The present study is in agreement with Wang et al. [10], who found an independent association between CRP level and ICU mortality.

This current study found that there was an insignificant correlation between CRP and need for mechanical ventilation, and this is not in agreement with Schuetz et al. [11]; these differences may have been because of the inclusion of patients with different diseases in our study, whereas the study of Schuetz et al. [11] was carried out only on H1N1 patients.

The present study showed that there was an insignificant correlation between the CRP results and the duration of MV, but Zimmerman et al. [12] showed that both BMI and CRP can be used to estimate the risk of prolonged MV in critically ill trauma patients and concluded that BMI less than 23.3 kg/m 2 or CRP greater than 10 mg/l at the time of discontinuation of MV were independent predictors of more than 7 days' duration of MV.

The present study found an insignificant correlation in the LOS and CRP level and this is not in agreement with Bhattacharya et al. [13], who found that higher CRP levels result in longer duration of hospital stay and poor clinical and radiological recovery in patients with community-acquired pneumonia.

For BMI, in the present study, we found that 38 (53.5%) patients survived and 33 (46.5%) patients died; the patients who died were categorized in terms of BMI as follows: 10 (55.6%) patients were normal weight, 12 (92.3%) patients were underweight, five (29.4%) patients were overweight, three (17.6%) patients were obese, and three (50.0%) patients were morbidly obese.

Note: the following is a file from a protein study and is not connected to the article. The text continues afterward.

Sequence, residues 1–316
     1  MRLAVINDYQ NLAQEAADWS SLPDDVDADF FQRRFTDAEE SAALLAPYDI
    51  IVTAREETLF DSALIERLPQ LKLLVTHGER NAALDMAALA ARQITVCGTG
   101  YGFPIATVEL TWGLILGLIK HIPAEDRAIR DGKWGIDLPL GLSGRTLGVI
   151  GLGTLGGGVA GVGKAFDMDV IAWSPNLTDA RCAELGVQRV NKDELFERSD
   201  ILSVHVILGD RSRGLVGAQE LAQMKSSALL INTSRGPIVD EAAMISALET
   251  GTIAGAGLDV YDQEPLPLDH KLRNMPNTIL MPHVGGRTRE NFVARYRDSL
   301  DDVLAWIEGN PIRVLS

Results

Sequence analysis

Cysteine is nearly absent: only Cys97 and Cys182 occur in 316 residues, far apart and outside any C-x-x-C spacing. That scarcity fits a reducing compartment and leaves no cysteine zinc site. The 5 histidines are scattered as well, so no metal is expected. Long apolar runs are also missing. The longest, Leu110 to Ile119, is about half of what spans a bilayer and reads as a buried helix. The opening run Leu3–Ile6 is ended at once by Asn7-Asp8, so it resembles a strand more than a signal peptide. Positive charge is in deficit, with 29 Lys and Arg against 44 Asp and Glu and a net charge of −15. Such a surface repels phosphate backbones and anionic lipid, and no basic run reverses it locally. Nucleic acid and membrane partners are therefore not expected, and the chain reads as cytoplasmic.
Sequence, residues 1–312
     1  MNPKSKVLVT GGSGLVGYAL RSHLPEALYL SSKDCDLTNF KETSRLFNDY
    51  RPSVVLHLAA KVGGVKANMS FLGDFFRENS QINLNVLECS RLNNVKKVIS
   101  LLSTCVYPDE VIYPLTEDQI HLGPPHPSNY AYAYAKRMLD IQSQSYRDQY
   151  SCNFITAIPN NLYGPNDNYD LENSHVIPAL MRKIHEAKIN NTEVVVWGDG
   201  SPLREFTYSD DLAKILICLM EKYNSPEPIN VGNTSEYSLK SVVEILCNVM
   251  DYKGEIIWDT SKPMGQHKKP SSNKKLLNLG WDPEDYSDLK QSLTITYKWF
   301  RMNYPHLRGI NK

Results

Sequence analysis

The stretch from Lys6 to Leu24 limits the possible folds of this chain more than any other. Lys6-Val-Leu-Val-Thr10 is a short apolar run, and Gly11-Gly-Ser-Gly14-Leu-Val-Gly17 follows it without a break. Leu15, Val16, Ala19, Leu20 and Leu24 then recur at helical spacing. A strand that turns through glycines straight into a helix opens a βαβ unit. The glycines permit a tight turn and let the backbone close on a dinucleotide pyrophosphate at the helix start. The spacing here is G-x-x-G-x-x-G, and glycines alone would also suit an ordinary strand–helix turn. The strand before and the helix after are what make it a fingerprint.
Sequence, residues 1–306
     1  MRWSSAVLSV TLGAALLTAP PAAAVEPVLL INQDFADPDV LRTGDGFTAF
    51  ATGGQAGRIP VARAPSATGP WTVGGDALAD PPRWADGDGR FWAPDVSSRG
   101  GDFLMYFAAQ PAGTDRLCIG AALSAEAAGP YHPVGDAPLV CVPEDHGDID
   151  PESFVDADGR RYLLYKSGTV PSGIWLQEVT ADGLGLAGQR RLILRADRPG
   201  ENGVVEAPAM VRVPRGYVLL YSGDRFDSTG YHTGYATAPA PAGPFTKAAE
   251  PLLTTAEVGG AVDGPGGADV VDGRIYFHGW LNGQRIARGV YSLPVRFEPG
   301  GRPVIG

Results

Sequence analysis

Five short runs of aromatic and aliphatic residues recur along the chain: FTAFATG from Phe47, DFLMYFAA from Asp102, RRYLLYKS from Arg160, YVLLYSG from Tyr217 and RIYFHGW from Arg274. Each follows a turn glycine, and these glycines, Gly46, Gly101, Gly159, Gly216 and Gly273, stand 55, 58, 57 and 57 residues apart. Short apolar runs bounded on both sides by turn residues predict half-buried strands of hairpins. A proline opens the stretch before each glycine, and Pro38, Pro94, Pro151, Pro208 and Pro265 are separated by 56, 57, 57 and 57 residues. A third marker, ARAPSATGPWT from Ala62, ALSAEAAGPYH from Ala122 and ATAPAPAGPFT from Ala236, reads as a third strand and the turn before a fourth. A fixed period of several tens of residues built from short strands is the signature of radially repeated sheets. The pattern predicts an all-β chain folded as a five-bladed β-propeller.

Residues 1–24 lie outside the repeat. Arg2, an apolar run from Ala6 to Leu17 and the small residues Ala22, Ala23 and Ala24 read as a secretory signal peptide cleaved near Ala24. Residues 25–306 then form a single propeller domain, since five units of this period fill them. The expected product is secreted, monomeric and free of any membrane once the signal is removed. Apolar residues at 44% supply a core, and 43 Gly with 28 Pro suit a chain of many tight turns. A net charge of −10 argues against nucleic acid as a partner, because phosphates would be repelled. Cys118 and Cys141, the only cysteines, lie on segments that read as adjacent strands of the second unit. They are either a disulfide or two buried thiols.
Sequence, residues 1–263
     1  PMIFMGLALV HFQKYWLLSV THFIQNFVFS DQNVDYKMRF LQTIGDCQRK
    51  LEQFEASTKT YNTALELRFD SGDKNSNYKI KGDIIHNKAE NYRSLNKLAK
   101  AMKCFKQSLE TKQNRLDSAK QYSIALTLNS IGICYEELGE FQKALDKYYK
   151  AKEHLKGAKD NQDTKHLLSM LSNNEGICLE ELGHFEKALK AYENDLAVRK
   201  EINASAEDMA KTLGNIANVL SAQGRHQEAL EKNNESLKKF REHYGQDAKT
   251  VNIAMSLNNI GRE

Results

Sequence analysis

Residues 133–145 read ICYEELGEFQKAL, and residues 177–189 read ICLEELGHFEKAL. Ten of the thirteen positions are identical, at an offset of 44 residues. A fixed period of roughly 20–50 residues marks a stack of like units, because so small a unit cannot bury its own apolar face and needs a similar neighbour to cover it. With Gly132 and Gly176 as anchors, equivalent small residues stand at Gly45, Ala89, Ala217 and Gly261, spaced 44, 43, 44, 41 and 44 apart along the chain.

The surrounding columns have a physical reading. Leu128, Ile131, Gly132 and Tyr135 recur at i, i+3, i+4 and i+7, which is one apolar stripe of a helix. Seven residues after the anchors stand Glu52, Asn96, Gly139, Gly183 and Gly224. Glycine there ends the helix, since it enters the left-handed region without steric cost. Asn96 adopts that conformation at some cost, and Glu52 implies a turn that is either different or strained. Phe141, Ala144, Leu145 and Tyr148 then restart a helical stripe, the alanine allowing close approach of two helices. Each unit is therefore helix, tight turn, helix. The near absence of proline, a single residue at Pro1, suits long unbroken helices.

The present study reported that there was high significance between different BMI categories and outcome, wherein the mortality rate was high among underweight patients, but this result was not in agreement with that of Lobo et al. [9], who found an increased risk of morbidity and mortality for morbidly obese patients, and critically ill morbidly obese patients had higher ICU mortality compared with nonobese patients. Because missing data were not detected because of the retrospective design of the study, it was difficult to draw a conclusion on the exact influence of BMI on mortality in this study; also, Honarmand and Safavi [14] showed that obese patients had a mortality rate that was 3.9 times greater than that of the normal-weight group. In addition, Lissner et al. [15] found that obesity defined as BMI greater than 27 was associated with a higher mortality rate among ICU patients. Also, Goulenok et al. [16] reported that, after they controlled for comorbidities, obesity was not associated with increased mortality in 'seriously ill' hospitalized patients, whereas Galanos et al. [17] showed that abnormal BMI had no significant influence on ICU mortality. In contrast to previous reports, the obese group showed a trend toward reduced mortality and reduced duration of ICU care and hospital stay compared with the underweight and normal groups.

The data of the present study are in agreement with those of Lim et al. [18], who found increased mortality in the underweight patients in the medical and emergent surgical groups, but not in the elective surgical group, and also El-Solh et al. [6] in agreement with the present study as he found that low BMI was associated with increased mortality and worsened hospital discharge.